Meanwhile, the summer-long push to gather cosponsors for ENDA is still underway, with HRC leading an effort to get more than 30 field organizers on the ground in 17 states, according to Politico. So far, the push has piqued the interest of at least eight Republican-leaning public affairs firms as well. Obama administration veterans have been brought in to help HRC with messaging, and locally targeted campaigns have contacted members of Congress through postcard-writing efforts, phone banking, canvassing, and a cumulative 1,000 phone calls, just in the last month.

Accompanying that effort is Freedom to Work, which has been evaluating a select group of House members who would be a good fit to cosponsor the bill. The plan is to get enough cosponsors -- Democrats and Republicans alike -- to essentially force Speaker John Boehner to allow a vote. So far he's dismissed ENDA as unnecessary.

Or, even if none of that makes any difference in this session, successful lobbying could help ENDA one day become wrapped into something much larger. "Increasing the number of ENDA cosponsors this year increases our chances of getting a stronger civil rights bill introduced in Congress next year, and that means a comprehensive bill that includes LGBT protections in things like housing and education in addition to employment," says Christopher Berle of Freedom to Work.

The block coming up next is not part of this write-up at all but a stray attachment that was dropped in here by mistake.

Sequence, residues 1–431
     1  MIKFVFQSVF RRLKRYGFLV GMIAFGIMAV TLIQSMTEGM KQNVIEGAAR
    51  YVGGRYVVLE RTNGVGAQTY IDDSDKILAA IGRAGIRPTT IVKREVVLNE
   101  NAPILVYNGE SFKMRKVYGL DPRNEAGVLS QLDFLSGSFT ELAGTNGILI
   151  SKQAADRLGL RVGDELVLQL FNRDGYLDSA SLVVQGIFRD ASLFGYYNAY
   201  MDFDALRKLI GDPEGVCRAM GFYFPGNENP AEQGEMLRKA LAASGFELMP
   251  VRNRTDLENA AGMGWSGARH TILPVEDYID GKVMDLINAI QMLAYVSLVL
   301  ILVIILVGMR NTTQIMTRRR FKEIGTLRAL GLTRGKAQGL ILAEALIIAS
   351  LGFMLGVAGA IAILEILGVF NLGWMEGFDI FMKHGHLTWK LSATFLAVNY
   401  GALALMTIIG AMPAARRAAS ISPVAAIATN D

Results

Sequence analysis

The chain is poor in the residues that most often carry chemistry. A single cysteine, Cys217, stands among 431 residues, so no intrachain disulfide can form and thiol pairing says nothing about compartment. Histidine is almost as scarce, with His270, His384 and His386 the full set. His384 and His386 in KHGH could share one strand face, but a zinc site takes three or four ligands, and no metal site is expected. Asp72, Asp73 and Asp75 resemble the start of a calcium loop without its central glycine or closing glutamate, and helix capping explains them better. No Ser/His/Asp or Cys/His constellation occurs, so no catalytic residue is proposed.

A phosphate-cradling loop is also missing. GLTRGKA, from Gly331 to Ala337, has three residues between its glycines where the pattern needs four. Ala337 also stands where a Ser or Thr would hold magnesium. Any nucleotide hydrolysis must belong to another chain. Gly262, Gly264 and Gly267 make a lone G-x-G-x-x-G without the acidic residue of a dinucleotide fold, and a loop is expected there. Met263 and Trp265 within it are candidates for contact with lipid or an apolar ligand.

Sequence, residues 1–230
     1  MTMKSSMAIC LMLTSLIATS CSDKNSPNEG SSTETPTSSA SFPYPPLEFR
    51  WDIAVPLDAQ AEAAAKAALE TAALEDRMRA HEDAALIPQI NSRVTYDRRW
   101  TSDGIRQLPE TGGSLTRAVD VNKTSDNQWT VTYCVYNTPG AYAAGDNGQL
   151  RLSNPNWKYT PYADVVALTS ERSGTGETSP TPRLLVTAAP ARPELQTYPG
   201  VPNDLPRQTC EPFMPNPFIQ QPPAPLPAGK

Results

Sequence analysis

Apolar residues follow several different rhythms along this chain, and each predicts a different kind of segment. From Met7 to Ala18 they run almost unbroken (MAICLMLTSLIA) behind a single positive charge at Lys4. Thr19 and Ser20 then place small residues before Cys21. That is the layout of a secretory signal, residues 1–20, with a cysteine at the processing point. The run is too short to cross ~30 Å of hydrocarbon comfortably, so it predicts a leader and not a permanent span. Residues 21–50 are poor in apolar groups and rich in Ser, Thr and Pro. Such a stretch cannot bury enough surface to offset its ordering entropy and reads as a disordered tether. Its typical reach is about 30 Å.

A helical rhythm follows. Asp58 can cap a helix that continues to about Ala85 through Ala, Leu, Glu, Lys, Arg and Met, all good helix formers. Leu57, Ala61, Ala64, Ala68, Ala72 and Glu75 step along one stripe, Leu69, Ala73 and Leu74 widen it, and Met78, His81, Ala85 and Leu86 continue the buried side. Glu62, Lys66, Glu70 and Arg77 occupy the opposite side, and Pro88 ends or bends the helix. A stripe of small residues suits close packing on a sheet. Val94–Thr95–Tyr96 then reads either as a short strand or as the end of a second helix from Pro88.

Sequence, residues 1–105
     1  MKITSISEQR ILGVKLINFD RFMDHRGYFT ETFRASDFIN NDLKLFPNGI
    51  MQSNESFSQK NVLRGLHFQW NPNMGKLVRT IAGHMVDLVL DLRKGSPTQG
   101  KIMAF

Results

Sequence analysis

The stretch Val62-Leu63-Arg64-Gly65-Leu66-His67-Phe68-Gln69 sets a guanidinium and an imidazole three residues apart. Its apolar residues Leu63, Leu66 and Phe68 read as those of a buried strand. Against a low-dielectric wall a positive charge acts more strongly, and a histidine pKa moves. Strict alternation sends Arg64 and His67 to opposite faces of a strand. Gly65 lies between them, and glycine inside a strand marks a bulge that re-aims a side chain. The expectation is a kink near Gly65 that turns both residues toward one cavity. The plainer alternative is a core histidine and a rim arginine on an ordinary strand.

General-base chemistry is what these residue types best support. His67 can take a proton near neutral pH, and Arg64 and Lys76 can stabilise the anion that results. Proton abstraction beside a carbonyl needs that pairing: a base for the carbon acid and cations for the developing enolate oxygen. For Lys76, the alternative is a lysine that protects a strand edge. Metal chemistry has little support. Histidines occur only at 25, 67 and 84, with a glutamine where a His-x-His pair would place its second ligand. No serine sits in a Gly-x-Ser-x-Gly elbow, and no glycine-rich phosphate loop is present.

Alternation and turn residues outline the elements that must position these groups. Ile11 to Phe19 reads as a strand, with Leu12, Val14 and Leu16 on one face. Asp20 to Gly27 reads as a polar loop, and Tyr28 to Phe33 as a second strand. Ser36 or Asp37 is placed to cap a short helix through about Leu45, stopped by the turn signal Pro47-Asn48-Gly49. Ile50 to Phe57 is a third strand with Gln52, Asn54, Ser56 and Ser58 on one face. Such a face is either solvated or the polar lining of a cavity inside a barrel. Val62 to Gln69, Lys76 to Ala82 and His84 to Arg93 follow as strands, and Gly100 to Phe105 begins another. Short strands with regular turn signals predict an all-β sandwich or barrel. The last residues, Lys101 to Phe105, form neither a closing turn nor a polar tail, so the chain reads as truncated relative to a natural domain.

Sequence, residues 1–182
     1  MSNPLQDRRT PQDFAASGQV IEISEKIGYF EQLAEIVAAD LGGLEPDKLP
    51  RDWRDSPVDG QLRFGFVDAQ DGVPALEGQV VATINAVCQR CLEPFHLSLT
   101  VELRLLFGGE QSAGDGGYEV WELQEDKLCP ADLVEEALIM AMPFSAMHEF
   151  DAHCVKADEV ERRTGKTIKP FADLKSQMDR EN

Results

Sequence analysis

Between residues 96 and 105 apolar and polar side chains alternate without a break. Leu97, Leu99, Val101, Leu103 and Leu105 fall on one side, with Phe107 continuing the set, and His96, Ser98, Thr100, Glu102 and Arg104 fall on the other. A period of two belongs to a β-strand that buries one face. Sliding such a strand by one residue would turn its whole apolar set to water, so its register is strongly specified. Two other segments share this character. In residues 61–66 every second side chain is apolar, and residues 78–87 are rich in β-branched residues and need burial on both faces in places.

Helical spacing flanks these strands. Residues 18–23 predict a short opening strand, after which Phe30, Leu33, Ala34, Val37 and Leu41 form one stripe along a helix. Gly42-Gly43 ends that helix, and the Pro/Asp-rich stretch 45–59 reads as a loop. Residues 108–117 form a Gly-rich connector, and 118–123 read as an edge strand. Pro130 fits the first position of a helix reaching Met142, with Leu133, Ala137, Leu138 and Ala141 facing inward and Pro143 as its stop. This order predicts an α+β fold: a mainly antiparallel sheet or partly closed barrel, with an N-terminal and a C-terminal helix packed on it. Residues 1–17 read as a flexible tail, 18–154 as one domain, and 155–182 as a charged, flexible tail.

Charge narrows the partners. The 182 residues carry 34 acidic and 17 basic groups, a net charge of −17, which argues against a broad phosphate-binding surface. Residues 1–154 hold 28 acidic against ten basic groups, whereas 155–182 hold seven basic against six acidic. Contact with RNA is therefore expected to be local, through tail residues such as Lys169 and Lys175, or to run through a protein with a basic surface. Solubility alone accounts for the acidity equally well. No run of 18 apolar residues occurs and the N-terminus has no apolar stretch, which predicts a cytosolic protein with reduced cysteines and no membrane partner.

In any case, the current House has always presented an uphill battle for passing ENDA, the efforts that will endure through 2014 now seem to serve the future, as a new congressional session might offer new hope in getting a bill passed, whether it's ENDA or a comprehensive civil rights act.

Meanwhile, as President Obama considers the exact language for a promised executive order that will extend workplace protections to employees of federal contractors, the message from LGBT groups on whether to model any religious exemptions on the current version of ENDA is a resounding no.